Cheers to a job well done in 2015 and all that is to come in 2016!
-Lindy

Friday, November 20, 2015

Let's Play Dress Up: Step by Step Visuals for Students Who Struggle at Pretend Play

I am excited to introduce a new tool to use in your pretend play center!  You might remember a few years ago, I shared a social narrative to support students in making various meals at the pretend play center. 


Well, now I have created a similar social narrative to support students in trying on dress up clothes. 



As I have mentioned before, the pretend play center can be pretty abstract and uncomfortable for students who don't understand how to play pretend.  By having social narratives like the two examples above, students can see how to play dress up, step by step!

For example, in this book you can turn each page and have students try on various articles of clothing.  The beauty is that an aided language board is attached to the last page and can be folded out for students who need support in communicating their opinion about each article of clothing they tried on.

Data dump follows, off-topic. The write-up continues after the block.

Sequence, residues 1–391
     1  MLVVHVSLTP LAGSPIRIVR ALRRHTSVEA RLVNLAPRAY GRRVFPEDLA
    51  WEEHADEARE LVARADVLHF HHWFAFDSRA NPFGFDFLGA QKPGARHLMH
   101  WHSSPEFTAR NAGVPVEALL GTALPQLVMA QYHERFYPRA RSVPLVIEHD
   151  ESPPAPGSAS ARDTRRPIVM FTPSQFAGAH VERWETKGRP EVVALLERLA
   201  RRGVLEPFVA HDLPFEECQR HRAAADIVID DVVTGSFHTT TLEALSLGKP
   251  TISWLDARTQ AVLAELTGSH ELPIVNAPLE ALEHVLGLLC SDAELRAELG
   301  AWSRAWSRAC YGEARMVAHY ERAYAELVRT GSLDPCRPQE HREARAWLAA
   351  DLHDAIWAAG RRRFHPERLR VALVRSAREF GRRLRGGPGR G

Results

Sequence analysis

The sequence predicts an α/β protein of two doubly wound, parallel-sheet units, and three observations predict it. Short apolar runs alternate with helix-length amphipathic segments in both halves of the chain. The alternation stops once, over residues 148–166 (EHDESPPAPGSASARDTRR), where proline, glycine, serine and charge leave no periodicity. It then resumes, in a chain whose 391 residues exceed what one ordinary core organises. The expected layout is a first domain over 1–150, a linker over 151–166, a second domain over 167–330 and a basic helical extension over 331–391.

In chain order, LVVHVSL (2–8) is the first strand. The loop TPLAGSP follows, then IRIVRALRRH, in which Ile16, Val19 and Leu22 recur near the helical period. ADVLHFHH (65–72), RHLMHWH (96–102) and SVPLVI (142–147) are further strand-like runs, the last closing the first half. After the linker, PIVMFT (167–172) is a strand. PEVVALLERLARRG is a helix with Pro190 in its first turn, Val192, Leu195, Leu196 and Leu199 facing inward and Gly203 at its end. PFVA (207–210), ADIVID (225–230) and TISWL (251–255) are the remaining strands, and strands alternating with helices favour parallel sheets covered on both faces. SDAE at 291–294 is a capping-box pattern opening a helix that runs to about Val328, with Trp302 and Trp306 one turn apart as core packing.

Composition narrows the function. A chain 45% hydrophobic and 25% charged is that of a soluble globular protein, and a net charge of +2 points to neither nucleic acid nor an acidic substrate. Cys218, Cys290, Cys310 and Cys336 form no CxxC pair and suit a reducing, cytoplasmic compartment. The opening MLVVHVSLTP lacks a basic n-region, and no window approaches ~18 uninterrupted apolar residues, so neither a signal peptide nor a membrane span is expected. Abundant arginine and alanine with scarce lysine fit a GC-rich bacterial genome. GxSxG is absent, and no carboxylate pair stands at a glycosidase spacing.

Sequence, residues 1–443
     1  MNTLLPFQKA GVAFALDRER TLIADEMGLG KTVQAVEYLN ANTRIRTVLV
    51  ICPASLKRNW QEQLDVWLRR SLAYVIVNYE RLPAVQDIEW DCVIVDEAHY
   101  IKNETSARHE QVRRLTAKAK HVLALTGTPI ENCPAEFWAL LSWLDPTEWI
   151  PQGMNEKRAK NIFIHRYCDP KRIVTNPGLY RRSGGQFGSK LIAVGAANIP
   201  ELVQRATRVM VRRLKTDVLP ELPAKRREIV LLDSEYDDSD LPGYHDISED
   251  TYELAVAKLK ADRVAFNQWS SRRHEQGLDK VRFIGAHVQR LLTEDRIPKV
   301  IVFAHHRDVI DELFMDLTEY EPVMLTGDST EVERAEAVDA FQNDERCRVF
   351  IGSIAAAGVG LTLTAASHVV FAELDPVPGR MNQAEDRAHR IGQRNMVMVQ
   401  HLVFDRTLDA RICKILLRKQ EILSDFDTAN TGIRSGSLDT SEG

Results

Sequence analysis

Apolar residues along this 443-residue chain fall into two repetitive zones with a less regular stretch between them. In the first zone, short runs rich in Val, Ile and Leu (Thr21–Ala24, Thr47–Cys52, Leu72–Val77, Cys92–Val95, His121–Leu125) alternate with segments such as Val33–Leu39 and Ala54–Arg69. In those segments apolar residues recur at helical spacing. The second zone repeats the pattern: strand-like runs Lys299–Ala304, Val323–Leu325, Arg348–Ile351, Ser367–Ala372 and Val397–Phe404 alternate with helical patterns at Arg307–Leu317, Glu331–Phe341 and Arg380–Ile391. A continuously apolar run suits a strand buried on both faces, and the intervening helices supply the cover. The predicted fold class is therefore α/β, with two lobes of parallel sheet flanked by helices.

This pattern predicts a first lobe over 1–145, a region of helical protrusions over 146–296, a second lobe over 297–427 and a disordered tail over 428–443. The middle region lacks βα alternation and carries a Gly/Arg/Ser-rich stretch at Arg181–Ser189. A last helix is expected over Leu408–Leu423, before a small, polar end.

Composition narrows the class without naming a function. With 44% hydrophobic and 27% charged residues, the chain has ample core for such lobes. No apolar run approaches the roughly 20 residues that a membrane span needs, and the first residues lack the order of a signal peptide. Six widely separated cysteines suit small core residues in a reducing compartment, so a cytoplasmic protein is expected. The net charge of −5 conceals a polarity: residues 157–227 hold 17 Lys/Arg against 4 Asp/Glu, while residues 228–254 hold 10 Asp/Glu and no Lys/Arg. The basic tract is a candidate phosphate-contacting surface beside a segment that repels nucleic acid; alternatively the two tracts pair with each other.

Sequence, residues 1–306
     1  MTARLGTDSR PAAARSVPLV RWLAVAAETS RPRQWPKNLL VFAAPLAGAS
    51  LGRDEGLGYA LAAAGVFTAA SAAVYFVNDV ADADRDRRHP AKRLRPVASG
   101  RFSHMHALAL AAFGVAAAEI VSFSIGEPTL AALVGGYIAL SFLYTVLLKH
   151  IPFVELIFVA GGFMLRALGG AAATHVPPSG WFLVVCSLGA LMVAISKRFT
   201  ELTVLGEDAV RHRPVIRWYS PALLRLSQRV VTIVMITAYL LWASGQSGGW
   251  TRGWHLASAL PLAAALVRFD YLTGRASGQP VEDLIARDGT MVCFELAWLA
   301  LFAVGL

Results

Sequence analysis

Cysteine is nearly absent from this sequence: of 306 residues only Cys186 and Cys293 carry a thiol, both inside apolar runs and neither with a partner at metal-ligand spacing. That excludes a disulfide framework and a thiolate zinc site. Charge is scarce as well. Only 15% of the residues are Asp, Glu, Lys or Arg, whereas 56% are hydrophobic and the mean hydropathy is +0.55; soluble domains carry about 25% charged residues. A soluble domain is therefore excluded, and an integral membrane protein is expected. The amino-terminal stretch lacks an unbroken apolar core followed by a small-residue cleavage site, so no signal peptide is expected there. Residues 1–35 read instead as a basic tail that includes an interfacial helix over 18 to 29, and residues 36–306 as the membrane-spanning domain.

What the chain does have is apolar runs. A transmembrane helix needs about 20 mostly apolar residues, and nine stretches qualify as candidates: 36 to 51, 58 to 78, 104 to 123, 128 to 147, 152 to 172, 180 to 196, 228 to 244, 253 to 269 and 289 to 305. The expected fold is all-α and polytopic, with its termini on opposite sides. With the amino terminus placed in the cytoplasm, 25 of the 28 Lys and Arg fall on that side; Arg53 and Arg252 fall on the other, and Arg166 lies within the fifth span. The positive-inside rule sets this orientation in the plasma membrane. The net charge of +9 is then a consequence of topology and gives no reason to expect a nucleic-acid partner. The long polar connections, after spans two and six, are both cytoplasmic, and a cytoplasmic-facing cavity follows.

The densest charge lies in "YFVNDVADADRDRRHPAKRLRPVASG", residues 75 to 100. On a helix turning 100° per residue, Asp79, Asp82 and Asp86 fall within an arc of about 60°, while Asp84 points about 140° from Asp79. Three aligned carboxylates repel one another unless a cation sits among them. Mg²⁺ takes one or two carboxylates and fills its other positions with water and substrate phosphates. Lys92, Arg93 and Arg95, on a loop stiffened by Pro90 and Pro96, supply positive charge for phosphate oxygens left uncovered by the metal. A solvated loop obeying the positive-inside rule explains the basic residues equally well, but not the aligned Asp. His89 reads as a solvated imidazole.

Do you want to use this social narrative in the classroom?  Go to my Teachers Pay Teachers store to purchase it, as well as an updated version of the Food Making Visual with choice for students to pretend eat their creations or serve them.  Just one more way to encourage students to interact with one another. 


Also in this Teachers Pay Teachers file you will have access to labels to sort food by food groups and clothing by person!


Until Next Time... Happy Pretending,
Lindy


Saturday, November 14, 2015

Supporting Self-Regulation: Using a Cool Down Towel